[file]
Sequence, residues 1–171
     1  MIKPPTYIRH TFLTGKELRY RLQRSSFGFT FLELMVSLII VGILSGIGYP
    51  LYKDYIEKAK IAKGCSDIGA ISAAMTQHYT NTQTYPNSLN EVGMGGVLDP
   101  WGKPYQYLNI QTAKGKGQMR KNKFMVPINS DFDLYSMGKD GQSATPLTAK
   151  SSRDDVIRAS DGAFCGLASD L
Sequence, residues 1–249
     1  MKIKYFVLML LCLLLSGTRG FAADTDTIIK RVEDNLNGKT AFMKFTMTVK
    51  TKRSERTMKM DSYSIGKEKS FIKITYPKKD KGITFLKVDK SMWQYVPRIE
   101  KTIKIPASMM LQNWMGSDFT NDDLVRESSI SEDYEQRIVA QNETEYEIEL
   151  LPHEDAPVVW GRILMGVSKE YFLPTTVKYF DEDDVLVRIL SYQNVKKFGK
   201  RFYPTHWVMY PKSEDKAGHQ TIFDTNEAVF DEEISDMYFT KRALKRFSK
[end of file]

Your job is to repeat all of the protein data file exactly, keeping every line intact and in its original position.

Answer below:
Sequence, residues 1–171
     1  MIKPPTYIRH TFLTGKELRY RLQRSSFGFT FLELMVSLII VGILSGIGYP
    51  LYKDYIEKAK IAKGCSDIGA ISAAMTQHYT NTQTYPNSLN EVGMGGVLDP
   101  WGKPYQYLNI QTAKGKGQMR KNKFMVPINS DFDLYSMGKD GQSATPLTAK
   151  SSRDDVIRAS DGAFCGLASD L
Sequence, residues 1–249
     1  MKIKYFVLML LCLLLSGTRG FAADTDTIIK RVEDNLNGKT AFMKFTMTVK
    51  TKRSERTMKM DSYSIGKEKS FIKITYPKKD KGITFLKVDK SMWQYVPRIE
   101  KTIKIPASMM LQNWMGSDFT NDDLVRESSI SEDYEQRIVA QNETEYEIEL
   151  LPHEDAPVVW GRILMGVSKE YFLPTTVKYF DEDDVLVRIL SYQNVKKFGK
   201  RFYPTHWVMY PKSEDKAGHQ TIFDTNEAVF DEEISDMYFT KRALKRFSK